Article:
Tips for jobs working abroad in bars

Interested in jobs working abroad in bars? We've spoken to dozens of people who've done it and rounded up some of their best tips...

  • Bar jobs are seldom advertised. If you want to find one, the best way is to print off lots of copies of your CV (and have it translated, if necessary), then call in at as many bars as you can and ask to speak to the manager on duty.
  • It's hard to find a job behind the bar without having some experience. Most bar tenders started as glass collectors or bar backs until they gained enough experience to work behind the taps. If you don't have experience, aim for other positions in the bar, like the two mentioned above, or cleaners and dish washers.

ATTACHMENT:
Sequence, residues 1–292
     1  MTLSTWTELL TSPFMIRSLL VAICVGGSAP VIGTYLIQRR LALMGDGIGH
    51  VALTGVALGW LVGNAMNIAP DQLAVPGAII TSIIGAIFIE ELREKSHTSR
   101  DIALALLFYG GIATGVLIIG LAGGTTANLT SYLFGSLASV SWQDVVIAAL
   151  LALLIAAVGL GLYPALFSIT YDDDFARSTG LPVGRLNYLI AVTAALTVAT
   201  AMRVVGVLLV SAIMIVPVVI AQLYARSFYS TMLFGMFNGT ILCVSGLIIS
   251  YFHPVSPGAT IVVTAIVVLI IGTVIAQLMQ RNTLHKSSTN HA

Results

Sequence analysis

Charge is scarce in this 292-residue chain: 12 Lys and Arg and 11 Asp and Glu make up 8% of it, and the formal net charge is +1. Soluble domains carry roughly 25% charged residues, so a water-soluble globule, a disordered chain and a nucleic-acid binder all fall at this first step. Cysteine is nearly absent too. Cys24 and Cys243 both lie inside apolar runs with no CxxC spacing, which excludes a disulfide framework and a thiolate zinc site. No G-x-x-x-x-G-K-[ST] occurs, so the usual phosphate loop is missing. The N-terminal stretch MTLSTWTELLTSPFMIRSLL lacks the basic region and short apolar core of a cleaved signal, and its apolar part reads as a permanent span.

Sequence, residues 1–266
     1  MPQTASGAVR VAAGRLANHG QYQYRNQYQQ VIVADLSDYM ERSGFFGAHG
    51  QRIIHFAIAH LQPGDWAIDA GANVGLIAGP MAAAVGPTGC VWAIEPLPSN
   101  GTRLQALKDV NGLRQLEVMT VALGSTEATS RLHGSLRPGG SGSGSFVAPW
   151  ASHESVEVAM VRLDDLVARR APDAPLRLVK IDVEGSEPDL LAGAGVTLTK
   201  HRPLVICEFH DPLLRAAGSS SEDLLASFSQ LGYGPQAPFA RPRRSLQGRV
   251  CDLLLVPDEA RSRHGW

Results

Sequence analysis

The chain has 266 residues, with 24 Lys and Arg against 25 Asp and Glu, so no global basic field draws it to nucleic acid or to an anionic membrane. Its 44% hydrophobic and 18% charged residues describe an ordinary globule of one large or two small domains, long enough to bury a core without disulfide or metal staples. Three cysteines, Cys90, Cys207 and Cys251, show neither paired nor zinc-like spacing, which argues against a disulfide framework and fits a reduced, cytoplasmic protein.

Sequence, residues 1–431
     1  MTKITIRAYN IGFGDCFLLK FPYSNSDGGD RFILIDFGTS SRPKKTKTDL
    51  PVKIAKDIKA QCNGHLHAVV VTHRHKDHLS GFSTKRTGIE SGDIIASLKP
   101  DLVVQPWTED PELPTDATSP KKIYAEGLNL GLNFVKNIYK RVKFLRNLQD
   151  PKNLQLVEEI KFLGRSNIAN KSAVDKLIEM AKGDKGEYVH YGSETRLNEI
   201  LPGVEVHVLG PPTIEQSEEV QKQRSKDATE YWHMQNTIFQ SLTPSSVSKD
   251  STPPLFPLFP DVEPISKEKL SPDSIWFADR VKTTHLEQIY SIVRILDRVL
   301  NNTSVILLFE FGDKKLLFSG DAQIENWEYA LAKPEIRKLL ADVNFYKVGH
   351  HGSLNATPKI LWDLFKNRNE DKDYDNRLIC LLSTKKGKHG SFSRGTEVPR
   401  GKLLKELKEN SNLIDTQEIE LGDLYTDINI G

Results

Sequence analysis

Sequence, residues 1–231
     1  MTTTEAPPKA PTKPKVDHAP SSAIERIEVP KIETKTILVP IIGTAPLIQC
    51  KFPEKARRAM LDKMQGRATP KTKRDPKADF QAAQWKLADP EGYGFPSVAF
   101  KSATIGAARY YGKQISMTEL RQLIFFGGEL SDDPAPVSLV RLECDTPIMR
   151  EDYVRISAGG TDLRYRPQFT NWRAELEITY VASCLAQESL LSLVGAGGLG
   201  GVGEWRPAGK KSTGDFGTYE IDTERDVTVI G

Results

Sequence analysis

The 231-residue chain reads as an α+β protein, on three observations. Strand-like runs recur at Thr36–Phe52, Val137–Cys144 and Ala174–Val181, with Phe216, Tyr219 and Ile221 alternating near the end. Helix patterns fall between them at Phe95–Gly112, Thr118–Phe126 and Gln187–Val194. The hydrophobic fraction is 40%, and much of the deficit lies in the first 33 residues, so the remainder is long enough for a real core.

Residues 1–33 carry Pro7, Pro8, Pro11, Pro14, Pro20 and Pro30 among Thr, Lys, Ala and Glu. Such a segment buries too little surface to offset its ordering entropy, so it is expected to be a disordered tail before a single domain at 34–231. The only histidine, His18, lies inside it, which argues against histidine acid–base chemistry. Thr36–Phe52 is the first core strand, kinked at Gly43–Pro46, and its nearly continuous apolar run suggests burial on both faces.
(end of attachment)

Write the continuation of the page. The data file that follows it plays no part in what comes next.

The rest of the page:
• However, the right personality can go a long way in this industry. If you get to speak to the manager, let them know that you are honest, hard working, enthusiastic and easy to get along with. You'll need all of these qualities when working behind a busy bar.
  • The best time to ask about job vacancies is often on a Sunday morning. This is usually a quiet time in bars so the manager is more likely to have a chance to speak to you, plus the memory of another hectic Saturday night will be fresh in their heads - making the prospect of an extra pair of hands very attractive.
  • When you start working behind a bar, quickly find out whether tips are pooled or not - this will avoid any bad blood later.


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